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How to Overcome Jealousy in a Relationship

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How to Overcome Jealousy in a Relationship

Have you ever wondered if your partner was lying to you about where they were going? Maybe Facebook crept your spouse’s ex? Or ruined a perfectly good evening by accusing your partner of something you’re pretty sure they didn’t even do?

If so, welcome to the jealousy club.

The bottom line is that there is nothing fun about jealousy. It ruins relationships, makes you feel crazy, and gives birth to a hurtful bulb of suspicion that lives inside your heart.[1]

But trying to overcome jealousy can sometimes feel like you’re trying to control a tidal wave. You don’t mean to break the dam, but you can’t help your jealous water from gushing forth.

Nobody wants to be jealous. Jealousy can ruin an otherwise great relationship. It feeds mistrust, damages self-esteem, and rarely does any good. Yet, so many of us are powerless to stop it from overwhelming our thoughts, actions, and speech.

So, what can we do about it? How can you overcome jealousy?

Here are 8 tips for overcoming jealousy in your relationship.

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1. Count to Ten

There is nothing fun about catching your partner sending a flirty winky text to someone else or listening to them crush over some hot celeb, but are these things really worth getting upset about?

Whenever your jealousy starts to make you feel angry, close your eyes, take a deep breath, and count to ten. After ten seconds is over, ask yourself if what you’re upset about is really worth ruining your day over.

If you must bring it up, do so calmly. Instead of yelling at your partner or belittling them, simply say, “It makes me a little uncomfortable when you do ___.”

2. Trust Your Instincts

The above tip was designed for people who are dealing with unnecessary jealousy, not for those who have legitimate reasons for being suspicious of their spouse (like partners openly flirting with others, having secret friendships, or lying to you).

How do you know if your partner is being faithful? The bottom line is this: trust your instincts.

Odds are you know if you are overreacting to something silly, but if your gut is telling you that something feels off in your relationship, you’re probably right!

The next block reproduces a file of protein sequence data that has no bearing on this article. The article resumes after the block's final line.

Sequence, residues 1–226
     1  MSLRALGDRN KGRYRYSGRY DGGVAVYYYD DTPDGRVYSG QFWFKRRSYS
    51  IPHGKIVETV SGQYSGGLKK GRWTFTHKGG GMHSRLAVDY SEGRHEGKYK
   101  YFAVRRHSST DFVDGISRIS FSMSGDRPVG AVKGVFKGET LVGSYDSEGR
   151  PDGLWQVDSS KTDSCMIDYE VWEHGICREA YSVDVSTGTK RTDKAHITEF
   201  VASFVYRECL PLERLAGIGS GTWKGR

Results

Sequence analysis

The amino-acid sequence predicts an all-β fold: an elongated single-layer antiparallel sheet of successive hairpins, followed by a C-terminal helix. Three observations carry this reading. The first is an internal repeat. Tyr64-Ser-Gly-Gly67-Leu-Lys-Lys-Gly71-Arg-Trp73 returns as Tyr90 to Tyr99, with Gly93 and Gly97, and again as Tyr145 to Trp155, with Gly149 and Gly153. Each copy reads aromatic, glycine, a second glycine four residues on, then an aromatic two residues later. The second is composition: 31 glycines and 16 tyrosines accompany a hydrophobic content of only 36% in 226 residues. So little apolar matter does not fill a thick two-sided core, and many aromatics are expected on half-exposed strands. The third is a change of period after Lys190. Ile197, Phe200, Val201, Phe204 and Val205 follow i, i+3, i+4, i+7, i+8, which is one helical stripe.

Talk to your partner about how you feel in a way that is calm and respectful, and get to the bottom of what’s eating your relationship.

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3. Work on Building Trust

Trust is an essential aspect of a healthy, happy, satisfying relationship. Overcoming jealousy involves having a healthy level of trust.[2]

You build trust as a couple when you:

  • Don’t lie to each other
  • Are accountable for your actions
  • Give the benefit of the doubt
  • Express your feelings
  • Don’t do anything you wouldn’t want your spouse to do
  • Show that you are reliable

By doing these things, you and your spouse will build healthy trust that will make you feel safe and loved in your relationship.

Just remember that nobody is perfect, and there will be times when you and your spouse unintentionally hurt each other – so it won’t hurt either of you to let some things slide every now and again.

4. Boost Self-Love

Jealousy often stems from self-esteem issues. You may not feel worthy of having someone’s unconditional affection or perhaps someone has betrayed your trust in the past and it has left you feeling uncomfortable giving your heart away.

Whatever the case, a healthy relationship stems from healthy levels of self-love. Boosting self-love also helps in overcoming jealousy. You can practice boosting the love and respect you have for yourself by spending time alone and learning to appreciate your own company, treating your body well, and working on self-expansion.